Saved dads are both children and soldiers. We are children of God and soldiers of Christ. “The Spirit itself beareth witness with our spirit, that we are the children of God: And if children, then heirs; heirs of God, and joint-heirs with Christ; if so be that we suffer with him, that we may be also glorified together” (Romans 8:16-17). “Thou therefore endure hardness, as a good soldier of Jesus Christ. No man that warreth entangleth himself with the affairs of this life; that he may please him who hath chosen him to be a soldier” (2 Timothy 2:3-4).

It was no accident that the Holy Spirit led Paul to refer to those saved as both children and soldiers. There should be no doubt about the importance of obedience in our lives as we endeavor to lead our families. However, do you also get the feeling that obedience is a “dirty” word in Christian circles these days? Begin talking about obedience, and freedom fighters will start crying, “Legalism, legalism!” I hear much talk about freedom in Christ and very little about obedience. Has political correctness neutered God’s Word in the church?

Those who are saved are to obey the Lord Jesus and His Word. “Not every one that saith unto me, Lord, Lord, shall enter into the kingdom of heaven; but he that doeth the will of my Father which is in heaven” (Matthew 7:21). “And he answered and said unto them, My mother and my brethren are these which hear the word of God, and do it” (Luke 8:21).

Just to be certain there is no misunderstanding, obedience does not earn us salvation in any way, shape, or form. It is, however, evidence of our salvation and love for the Lord. The verses just read confirm that obedience gives evidence of our being saved. The point that the freedom fighters miss is that we obey because we love the Lord Jesus. We don’t obey to earn salvation, but we obey out of love for our Lord. The One Who is our Model and Lord was obedient unto death, and He expects our obedience (Luke 17:10). Jesus said in John 14:15, “If ye love me, keep my commandments.” That is really very simple, isn’t it? Those who love Him little, obey little.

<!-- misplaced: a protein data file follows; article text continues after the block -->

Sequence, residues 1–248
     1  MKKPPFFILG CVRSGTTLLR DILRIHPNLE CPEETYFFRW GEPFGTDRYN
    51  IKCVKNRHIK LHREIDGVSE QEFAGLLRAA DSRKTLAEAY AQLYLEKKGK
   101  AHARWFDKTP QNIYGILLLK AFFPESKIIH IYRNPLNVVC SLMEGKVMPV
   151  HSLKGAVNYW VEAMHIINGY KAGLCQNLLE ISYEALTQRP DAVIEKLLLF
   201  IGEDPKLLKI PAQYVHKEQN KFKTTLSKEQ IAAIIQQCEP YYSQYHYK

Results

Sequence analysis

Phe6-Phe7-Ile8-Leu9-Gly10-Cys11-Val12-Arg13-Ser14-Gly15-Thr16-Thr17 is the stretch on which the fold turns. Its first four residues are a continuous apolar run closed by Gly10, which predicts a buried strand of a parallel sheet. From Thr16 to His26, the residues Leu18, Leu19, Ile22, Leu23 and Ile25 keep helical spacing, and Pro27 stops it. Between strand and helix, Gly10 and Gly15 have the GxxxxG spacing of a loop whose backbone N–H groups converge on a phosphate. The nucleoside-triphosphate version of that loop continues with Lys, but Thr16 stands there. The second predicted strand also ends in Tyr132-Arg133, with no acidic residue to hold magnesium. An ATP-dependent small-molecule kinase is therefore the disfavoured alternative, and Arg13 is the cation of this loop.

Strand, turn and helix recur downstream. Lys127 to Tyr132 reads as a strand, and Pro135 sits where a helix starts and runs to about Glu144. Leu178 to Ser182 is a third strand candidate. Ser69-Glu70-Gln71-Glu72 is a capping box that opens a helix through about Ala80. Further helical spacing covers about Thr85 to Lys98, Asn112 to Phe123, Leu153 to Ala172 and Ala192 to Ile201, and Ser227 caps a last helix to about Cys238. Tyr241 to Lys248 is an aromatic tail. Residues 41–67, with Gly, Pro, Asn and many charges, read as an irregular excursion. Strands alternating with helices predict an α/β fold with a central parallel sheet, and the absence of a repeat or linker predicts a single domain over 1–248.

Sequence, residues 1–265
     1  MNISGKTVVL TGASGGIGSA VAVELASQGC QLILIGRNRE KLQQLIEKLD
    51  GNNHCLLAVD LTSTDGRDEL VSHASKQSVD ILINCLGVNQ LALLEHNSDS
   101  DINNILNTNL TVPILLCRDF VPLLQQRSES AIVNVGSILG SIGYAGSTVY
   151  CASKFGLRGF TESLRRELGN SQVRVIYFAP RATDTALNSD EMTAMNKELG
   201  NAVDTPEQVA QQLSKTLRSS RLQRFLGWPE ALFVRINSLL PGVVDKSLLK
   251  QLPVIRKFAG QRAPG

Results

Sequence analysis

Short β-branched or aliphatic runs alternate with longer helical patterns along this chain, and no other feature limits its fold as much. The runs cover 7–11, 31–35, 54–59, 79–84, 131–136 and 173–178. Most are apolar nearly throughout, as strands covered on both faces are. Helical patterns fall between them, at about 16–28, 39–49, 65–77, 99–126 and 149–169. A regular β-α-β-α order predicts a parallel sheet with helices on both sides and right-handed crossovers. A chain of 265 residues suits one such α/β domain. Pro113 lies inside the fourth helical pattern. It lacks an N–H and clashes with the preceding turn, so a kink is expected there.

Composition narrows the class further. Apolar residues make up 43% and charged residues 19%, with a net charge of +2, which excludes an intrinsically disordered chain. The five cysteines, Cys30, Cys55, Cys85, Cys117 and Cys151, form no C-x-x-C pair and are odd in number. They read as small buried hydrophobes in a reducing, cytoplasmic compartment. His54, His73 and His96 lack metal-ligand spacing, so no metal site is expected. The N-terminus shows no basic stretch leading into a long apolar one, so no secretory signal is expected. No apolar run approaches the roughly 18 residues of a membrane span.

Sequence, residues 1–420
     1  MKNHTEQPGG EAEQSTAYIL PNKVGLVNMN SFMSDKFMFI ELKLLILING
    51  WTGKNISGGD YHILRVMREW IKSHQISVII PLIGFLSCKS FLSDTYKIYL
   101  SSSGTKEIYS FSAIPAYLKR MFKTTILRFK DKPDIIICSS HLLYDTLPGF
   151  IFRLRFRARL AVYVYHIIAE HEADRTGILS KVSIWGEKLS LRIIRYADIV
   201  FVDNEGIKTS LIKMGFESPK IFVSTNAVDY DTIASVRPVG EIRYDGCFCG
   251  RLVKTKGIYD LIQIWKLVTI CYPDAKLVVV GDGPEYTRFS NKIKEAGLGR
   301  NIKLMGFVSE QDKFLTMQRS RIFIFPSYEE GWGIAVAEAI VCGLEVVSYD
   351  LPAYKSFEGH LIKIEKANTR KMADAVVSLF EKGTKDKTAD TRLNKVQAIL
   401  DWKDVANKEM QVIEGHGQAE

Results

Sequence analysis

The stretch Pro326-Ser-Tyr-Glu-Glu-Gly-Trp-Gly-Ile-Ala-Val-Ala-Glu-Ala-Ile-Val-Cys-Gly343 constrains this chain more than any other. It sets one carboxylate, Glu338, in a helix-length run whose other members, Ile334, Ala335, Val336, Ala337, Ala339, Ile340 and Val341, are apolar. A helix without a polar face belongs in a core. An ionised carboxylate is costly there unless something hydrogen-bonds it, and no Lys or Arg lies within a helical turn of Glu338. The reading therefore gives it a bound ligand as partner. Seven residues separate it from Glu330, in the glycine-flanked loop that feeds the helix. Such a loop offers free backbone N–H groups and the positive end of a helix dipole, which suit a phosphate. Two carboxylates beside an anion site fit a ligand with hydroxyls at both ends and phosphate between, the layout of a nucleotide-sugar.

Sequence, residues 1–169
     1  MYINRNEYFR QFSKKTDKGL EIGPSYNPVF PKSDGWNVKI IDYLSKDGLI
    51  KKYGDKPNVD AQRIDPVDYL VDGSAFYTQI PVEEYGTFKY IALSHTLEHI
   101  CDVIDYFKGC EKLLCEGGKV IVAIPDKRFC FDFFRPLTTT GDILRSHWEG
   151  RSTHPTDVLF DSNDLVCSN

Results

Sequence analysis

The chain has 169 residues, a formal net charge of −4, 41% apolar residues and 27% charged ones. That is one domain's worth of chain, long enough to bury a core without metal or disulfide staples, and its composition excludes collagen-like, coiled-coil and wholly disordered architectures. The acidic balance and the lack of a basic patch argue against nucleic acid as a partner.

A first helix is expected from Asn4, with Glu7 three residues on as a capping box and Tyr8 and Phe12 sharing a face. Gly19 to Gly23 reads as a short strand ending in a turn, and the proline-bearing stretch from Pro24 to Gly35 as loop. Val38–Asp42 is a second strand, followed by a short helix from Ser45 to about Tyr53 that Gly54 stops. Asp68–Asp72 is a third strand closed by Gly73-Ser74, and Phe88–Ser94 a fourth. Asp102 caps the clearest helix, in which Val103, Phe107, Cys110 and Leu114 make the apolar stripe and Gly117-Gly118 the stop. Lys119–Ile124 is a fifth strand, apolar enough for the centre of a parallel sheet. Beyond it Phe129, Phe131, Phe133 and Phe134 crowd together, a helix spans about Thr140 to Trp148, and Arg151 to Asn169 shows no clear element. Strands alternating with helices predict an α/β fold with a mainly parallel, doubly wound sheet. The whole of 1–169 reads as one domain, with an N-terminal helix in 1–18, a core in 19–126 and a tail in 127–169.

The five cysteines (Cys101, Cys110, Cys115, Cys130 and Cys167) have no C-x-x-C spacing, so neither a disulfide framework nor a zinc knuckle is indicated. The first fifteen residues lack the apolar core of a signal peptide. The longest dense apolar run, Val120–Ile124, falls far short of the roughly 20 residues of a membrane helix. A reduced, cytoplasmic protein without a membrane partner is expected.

A father’s level of obedience will affect how he leads his family and how his family follows him. First, Christ said obedience reveals one’s love. If we love Christ, we will obey Him, but if we don’t obey Christ, we reveal our love for ourselves. The family knows Dad better than anyone, and as soon as they know anything about Scripture, they are looking to see if Dad is obedient. If Dad isn’t obedient, he will be seen as a hypocrite, and his family will not want to follow what he says. They will tend to follow his example.

A father’s obedience to Christ gives the family confidence in his decisions. They will see that Dad makes decisions based on his obedience to his Lord and Scripture. They will respect Dad as a man of God.